• Fairmont Kea Lani (Wailea). The Fairmont is everything you want in a luxury resort. Every room is a suite, and a gorgeous one at that (for an upgrade, feel free to rent a villa, where they’ll even send a chef to cook you dinner). The pools are divine, particularly the adult-only pool, and the view was spectacular. Service is amazing throughout the resort, and they’ll bring you fresh pineapple while you sunbathe.
  • Ritz-Carlton Kapalua Bay. Kapalua is about 15 minutes north of Lahaina, so it feels like a real escape, but you’re still close to town. The Ritz property there was built up on a cliff, so it’s a downhill stroll to head to the beach, but if you’re only in it for the views (as I am), you won’t mind a bit. Service at the Ritz blew my mind – every last person we dealt was above and beyond. The rooms nailed that “upscale island” vibe, which is really tricky to do, and the spa…well, if I’d known how amazing it was, I’d have spent the entire day there. Bonus: You can get surprisingly good rates at the resort if you do a bit of research.

To Buy. Oh, if I must find something not to love about Maui, it’s the shopping. You can only go into so many ABC stores and see the same collection of plastic clip-on plumerias and shell necklaces before you give up and head back to the pool (as you should). But there are a few gems.

  • I love the kitsch factor at Sir Wilfred’s, and their coffee is better than anyone’s, whether you’re looking for Kona or something less island-y. (Buy some Maui Upcountry guava butter while you’re there. It’ll change your life.)
  • I also loved Village Galleries in Lahaina, an art gallery and a gift shop featuring some really beautiful pieces from actual Maui artisans (unlike the cheap, Made in China fare you’ll find at most tourist traps).
  • Maui Hands, inside the Hyatt, has some gems as well – I fell hard for the art by Linda Whittemore and jewelry by Pratima Design.
  • If traditional Hawaiian quilts are your thing, the only place you want to go to check them out is Quilts n’ Fabric Land in Lahaina. No website, and the owner is a little bristly at first, but convince her you’re a connoisseur and she’ll soften right up. They have a beautiful selection of quilts, or you can custom order your favorite. They also stock all manner of smaller quilted souvenirs, perfect for toting home to Mom.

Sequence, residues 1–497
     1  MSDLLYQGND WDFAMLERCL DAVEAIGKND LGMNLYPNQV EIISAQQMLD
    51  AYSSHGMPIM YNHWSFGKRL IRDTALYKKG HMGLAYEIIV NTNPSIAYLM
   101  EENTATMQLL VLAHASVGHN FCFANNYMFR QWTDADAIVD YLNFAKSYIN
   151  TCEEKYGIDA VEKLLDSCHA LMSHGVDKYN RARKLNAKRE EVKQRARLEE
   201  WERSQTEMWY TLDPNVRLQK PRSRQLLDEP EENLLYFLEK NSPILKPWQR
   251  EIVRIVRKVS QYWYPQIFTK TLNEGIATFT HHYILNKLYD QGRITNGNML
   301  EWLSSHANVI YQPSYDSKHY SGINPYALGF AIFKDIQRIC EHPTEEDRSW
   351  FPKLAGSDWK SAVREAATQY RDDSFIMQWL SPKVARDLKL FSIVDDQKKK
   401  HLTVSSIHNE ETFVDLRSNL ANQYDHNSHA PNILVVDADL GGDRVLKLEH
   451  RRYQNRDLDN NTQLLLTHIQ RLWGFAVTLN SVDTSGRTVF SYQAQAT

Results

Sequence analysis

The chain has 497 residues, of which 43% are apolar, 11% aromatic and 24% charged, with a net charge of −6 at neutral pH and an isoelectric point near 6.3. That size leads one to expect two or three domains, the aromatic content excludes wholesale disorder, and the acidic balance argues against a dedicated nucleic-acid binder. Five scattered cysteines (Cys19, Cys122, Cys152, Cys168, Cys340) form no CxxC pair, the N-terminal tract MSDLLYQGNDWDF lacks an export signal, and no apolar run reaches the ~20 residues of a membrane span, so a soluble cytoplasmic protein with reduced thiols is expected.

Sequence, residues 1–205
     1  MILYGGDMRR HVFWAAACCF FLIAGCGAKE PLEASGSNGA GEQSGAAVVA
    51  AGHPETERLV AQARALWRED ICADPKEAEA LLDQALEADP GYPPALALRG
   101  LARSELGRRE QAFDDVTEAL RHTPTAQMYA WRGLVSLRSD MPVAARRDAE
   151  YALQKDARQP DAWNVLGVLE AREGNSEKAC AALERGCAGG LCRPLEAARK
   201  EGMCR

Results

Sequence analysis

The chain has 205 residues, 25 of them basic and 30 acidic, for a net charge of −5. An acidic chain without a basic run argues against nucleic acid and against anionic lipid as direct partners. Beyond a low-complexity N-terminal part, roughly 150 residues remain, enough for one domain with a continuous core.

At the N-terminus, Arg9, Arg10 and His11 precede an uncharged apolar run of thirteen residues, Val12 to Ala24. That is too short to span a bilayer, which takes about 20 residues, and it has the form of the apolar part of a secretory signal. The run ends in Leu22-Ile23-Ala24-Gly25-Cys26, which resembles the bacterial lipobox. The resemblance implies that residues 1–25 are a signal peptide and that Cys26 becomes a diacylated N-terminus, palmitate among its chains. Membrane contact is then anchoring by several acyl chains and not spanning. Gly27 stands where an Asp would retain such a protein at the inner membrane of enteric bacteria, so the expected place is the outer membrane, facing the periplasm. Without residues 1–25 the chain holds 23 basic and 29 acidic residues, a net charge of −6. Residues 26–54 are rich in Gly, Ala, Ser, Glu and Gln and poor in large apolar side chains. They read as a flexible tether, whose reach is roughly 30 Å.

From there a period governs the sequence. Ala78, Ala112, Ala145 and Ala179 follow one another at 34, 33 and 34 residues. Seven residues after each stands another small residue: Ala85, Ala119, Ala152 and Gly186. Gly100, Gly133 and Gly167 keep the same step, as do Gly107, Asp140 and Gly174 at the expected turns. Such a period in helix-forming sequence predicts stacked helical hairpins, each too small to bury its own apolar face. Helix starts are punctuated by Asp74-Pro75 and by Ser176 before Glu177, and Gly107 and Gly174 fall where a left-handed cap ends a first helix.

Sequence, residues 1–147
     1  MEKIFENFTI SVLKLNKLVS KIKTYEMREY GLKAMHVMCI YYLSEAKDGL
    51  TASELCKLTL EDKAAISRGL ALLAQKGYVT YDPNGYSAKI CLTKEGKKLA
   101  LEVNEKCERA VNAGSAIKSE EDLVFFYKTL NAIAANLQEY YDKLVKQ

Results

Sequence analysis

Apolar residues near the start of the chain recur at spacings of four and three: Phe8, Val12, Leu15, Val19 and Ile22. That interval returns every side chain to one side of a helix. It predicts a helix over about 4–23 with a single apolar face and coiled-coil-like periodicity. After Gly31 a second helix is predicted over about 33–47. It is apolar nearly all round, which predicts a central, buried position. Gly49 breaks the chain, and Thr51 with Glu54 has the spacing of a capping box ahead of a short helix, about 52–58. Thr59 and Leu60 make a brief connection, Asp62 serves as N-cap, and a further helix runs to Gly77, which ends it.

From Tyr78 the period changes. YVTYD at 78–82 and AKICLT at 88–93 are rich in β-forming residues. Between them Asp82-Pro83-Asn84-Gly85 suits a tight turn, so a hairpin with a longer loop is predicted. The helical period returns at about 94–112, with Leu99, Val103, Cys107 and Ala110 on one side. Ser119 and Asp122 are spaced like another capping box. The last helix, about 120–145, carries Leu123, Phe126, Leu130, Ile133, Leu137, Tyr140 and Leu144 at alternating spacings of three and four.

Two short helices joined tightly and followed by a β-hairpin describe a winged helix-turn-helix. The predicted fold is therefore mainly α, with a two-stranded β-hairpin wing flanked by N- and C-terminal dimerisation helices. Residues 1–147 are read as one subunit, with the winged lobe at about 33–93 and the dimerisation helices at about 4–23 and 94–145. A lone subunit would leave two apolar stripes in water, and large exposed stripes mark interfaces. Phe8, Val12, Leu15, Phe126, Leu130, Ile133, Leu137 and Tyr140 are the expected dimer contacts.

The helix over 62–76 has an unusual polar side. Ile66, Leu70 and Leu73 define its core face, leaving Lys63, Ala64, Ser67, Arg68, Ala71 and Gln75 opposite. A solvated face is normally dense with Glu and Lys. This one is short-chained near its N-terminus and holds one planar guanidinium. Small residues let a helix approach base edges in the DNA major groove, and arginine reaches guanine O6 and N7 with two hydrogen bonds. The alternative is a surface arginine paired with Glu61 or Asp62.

• If (and only if!) you’re already headed that way, the gift shop at the Bailey House Museum in Wailuku is a gem of a place, but it’s so out of the way of anything else, I’d hesitate to recommend it. Once we were there, though, we ended up finding nearly all of our souvenirs for friends, and a few things for ourselves.

To Do. Honestly, I’m a complete laze-ball when I’m Maui-bound. But there are a few things most definitely worth doing:

  • The whale-watching tour was maybe my all-time favorite Maui experience. I did much too much research on this, and landed on the Hula Girl. They have a kitchen onboard, and the food was actually quite good. Some cruises include an open bar in the price, but Hula Girl did not, which I actually preferred – 40 drunk people on a boat is not my idea of a good time. Hula Girl felt more upscale, and the crowd was more my speed. That said, all of the tours I considered all ended up within 500 feet of each other once we were out to sea, watching the exact same whales (we saw whales!) at the exact same time. So, don’t stress too much.
  • If you’re at all interested in astronomy, the view of the night sky in Maui is tough to beat. Head to the Hyatt after dark and check out their rooftop Tour of the Stars – the views from their NASA-grade collection of telescopes are just incredible, and you’ll definitely learn a thing or three from their crazy smart Director of Astronomy (who knew that was a job?).
  • Go for a drive. It really doesn’t matter where…you’d be hard-pressed to find a bad view in Maui. I tend to hit Highway 30 and head north until my jaw starts dropping from the incredible coastal views at every turnout. People will tell you to try the Road to Hana, and I have no doubt it’s gorgeous…but I stick closer to home (which also makes it that much easier to get back to the pool in time for lunch).

And that, in a nutshell, is everything I know about Maui – unless you need to know how to pack for that tropical escape, which I happen to have down to a science.

Have any tips to add? Share them in the comments!

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  1. Pingback: elsewhere (a virtual tropical vacation) - shopping's my cardio